Here’s why this blog topic came about now, however. I read Bible scripture and try to apply it to myself, its how I live the question, “What’s my relationship with my higher power.” (Remember “living the question” blog? If not, go back, these all tie in together) I feel a divine vibration throughout all of nature. There is something divine about the cycles of the seasons, the birth, death and resurrection of plant life. There is something divine about physics and the fact that things have an order within the chaos, today is the winter solstace, it is the longest night of the year... it is also the day the earth is closest to the sun. The longest darkness is marked by our closest proximity to our life source. Tell me that isn't divine.

I’ll wrap it all up, I promise, and I won’t go into some sort of a bible sermon.

But, in John chapter 11 we learn of Jesus’s good friend Lazarus. Lazarus was sick and Jesus was summoned by Laz’s sisters, Mary and Martha, to come and heal him. But Jesus didn’t make it in time (it is a remarkably hectic job saving the world) and Lazarus died and was buried. According to the Bible, Jesus intentionally stays where He was.
When Jesus finally arrives in Bethany, he finds that Lazarus is dead and has already been in his tomb for four days. He meets first with Martha and Mary in turn. Martha laments that Jesus did not arrive soon enough to heal her brother and Jesus replies with the well-known statement, "I am the Resurrection and the Life. He who believes in Me shall live, even when he dies. And everyone who lives and believes in Me shall never die in eternity". Next encountering Mary, Jesus is moved by her sorrow, and we read the famous simple phrase, "Jesus wept".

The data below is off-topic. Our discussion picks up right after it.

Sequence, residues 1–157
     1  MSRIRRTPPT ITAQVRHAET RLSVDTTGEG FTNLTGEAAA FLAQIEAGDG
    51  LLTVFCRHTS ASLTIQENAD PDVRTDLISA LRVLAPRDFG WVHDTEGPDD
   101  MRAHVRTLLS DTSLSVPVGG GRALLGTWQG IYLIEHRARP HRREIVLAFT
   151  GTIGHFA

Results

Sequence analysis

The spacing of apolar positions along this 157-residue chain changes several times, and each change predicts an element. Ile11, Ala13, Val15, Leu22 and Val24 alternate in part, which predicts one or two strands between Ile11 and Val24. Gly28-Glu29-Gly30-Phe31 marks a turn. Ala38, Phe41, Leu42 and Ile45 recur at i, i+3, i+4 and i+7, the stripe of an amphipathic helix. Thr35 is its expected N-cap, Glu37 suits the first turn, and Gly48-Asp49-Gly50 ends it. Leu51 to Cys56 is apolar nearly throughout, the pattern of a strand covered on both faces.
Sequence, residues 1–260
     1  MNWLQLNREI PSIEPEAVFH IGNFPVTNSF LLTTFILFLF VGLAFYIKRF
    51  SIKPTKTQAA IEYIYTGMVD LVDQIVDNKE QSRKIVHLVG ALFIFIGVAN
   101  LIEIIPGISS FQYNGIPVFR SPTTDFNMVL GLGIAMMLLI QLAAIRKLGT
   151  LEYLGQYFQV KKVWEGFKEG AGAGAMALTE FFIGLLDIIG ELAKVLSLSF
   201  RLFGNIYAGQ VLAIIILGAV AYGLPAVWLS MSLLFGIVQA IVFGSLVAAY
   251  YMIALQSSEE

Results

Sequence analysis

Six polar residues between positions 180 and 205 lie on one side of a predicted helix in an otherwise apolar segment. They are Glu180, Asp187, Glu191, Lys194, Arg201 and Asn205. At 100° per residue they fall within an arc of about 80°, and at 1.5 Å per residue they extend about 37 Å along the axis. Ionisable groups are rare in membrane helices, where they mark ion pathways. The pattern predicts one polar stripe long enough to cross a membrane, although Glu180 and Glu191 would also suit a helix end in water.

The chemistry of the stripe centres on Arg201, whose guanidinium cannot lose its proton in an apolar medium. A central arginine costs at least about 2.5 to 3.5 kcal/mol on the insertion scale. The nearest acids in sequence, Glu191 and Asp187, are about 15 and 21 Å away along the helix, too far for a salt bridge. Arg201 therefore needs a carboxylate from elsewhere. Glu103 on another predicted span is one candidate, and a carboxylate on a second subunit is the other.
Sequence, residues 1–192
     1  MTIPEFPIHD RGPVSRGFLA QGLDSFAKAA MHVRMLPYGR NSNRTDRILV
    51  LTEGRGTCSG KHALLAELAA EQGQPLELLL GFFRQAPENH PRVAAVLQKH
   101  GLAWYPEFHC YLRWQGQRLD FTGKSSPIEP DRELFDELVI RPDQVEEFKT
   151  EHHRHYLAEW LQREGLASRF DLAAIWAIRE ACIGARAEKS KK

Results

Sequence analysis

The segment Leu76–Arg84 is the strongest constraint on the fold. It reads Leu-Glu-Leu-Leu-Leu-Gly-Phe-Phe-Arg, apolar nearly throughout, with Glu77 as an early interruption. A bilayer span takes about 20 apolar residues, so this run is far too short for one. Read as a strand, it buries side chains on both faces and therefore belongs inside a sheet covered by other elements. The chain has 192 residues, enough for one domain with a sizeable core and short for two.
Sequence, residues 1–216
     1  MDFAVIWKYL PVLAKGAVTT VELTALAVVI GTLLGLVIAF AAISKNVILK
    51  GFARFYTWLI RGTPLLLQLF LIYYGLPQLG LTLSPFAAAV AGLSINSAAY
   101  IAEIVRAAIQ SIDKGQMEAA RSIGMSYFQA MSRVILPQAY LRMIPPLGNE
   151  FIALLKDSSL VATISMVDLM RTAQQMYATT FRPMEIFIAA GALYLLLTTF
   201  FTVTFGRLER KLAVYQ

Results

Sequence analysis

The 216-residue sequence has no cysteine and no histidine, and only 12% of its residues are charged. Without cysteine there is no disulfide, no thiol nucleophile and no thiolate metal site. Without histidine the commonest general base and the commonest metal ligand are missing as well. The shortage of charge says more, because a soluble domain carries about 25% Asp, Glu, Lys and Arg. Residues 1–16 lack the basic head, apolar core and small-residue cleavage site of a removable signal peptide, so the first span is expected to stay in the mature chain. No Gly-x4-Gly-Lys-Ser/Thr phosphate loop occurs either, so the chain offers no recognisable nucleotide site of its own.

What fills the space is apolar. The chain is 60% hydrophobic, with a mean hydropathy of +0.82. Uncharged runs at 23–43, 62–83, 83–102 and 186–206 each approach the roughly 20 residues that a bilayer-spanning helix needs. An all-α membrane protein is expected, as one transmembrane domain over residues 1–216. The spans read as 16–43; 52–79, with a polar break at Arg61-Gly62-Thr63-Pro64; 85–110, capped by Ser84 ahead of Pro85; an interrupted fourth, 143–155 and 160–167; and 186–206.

Never one to miss an opportunity to do some miracles when a crowd is present, Jesus comes to the tomb. Over the objections of Martha, Jesus has them roll the stone away from the entrance to the tomb and says a prayer – yes even Jesus prayed. He then calls Lazarus, “Hey, Laz, COME OUT OF THERE,” and Lazarus does so.
The next chapter takes place a few days later. Everyone in Bethany is so excited about what happened that there is a huge feast and people come from miles to speak to the guy who was raised from the dead. Lazarus was a spectacle because people began to realize that they, too, could be raised from the dead with faith and friendship in Jesus.